Understanding Oxycodone Addiction and Treatment
Prescription opioid painkillers like oxycodone are among the most commonly abused drugs in the world. According to the National Institute on Drug Abuse, anywhere from 26 million to 36 million people worldwide currently abuse opioids.
In the United States, more than 2 million people alone are estimated to be struggling with a substance use disorder related to opioid painkillers. Even worse, the number of overdose cases related to opioid painkillers such as oxycodone has quadrupled since 1999.
Historically, oxycodone has been one of the most commonly abused prescription drugs available, especially in its controlled-release form, more commonly known as OxyContin. Any parent, friend or spouse concerned that their loved one may be misusing prescription pills should consider oxycodone abuse a very real possibility.
Unfortunately, oxycodone has a high potential for addiction, even when properly administered by an experienced physician. Individuals can best protect themselves and their families from oxycodone addiction by learning everything they can about the substance, its history, and its effects.
What Is Oxycodone?
Derived from thebaine, a naturally occurring chemical found in the poppy plant, oxycodone is a semi-synthetic opioid primarily used as a painkiller. In particular, oxycodone has been used to treat chronic severe pain in cancer patients, thanks to its limited amount of side-effects when compared to morphine. The chemical composition of oxycodone is very similar to that of the naturally occurring opioid codeine.
Like fellow popular opioid hydrocodone, oxycodone is typically combined with less potent analgesic and fever-reducing products such as acetaminophen, in order to make drugs such as Percocet. Unfortunately, oxycodone and its derivatives share hydrocodone’s highly addictive properties as well.
How Does Oxycodone Affect the Body?
Oxycodone affects the human body by interacting with the body’s opioid receptors. These special nerve cells, located in the brain, spinal cord, and other organs, are responsible for controlling the pain and reward centers of the brain. Opioid painkillers like oxycodone are so effective at providing relief to cancer patients, for example, because they can directly influence how the brain perceives pleasure and pain.
The advantageous properties of oxycodone are offset by numerous medical concerns. First and foremost, long-term use of any opioid painkiller is inherently dangerous because these drugs have a strong tendency to quickly induce tolerance. As a result, chronic oxycodone users must continue upping their dose to receive the same pain-relieving, euphoria-inducing effects.
In addition to increased overdose risks, extended oxycodone abuse is responsible for a long list of unwanted symptoms:
- Vomiting and nausea
- Intense constipation
- Unpredictable sleeping patterns
- Labored breathing
- Loss of focus and awareness
The longer an individual abuses oxycodone, the greater his or her tolerance, as well as the risk of overdose. Overdose risks are even higher when users crush, snort or inject oxycodone directly into the bloodstream. It’s important to be aware of the signs of overdose, especially if you suspect that a family member is currently struggling with oxycodone addiction.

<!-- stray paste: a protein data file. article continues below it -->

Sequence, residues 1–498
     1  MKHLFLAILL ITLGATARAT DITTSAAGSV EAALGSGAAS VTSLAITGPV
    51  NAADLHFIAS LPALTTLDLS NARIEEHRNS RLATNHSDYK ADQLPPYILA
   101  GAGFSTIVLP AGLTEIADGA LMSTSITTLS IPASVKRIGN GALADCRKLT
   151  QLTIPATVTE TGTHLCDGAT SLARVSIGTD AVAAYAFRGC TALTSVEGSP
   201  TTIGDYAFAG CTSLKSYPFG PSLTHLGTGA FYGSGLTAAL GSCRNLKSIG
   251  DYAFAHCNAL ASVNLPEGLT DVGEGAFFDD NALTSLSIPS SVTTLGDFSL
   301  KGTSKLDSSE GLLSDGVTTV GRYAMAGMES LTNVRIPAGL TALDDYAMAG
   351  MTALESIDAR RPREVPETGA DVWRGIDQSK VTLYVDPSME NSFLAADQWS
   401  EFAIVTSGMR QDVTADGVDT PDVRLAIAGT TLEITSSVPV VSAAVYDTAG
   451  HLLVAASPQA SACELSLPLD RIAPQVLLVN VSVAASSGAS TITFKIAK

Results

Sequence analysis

These debilitating symptoms are clear signs of oxycodone overdose:
- Respiratory failure
- Deoxygenation and cyanosis (bluish discoloration of the skin)
- Lack of responsiveness
- Non-reactive, constricted pupils
- Inability to wake up or respond to outside stimulus
Who Is Abusing Oxycodone?
Like other opioid painkillers, oxycodone’s widespread accessibility make the drug extremely dangerous. Considering that millions of Americans are prescribed opioids ever year, it is very common for abusers to access a steady supply of the drug from the medicine cabinets of friends and family. Understanding how pervasive the problem makes it easier to dispel myths about oxycodone abuse and recognize when the addiction threatens a loved one.
The following statistics provide valuable insight into the state of oxycodone abuse in the United States:
- A study performed by the Substance Abuse and Mental Health Services Administration (SAMHSA) revealed that 483,000 Americans aged 12 and older experimented with oxycodone in 2011 for the first time.
- Just a year earlier, in 2010, SAMHSA estimated that 600,000 Americans tried oxycodone for the first time.
- According to a 2013 Drug Enforcement Agency (DEA) survey, 3.6% of high school seniors abused oxycodone that year.
- More than 33,000 Americans lost their lives to opioid overdose deaths in 2015, with more than half of those deaths attributed to painkillers such as oxycodone.
Getting Treatment for Oxycodone Addiction
The symptoms and side effects of oxycodone abuse are severe, but there is hope for recovery. Individuals who participate in inpatient recovery programs have an opportunity to clear the drug from their system, practice a sober lifestyle and address the issues that lead them to abuse drugs in the first place.
Friends and family who suspect a loved one may be abusing oxycodone should take action as soon as possible. Get in touch with The Treatment Center by The Recovery Village if you have questions about oxycodone addiction, symptoms of abuse and strategies for treatment.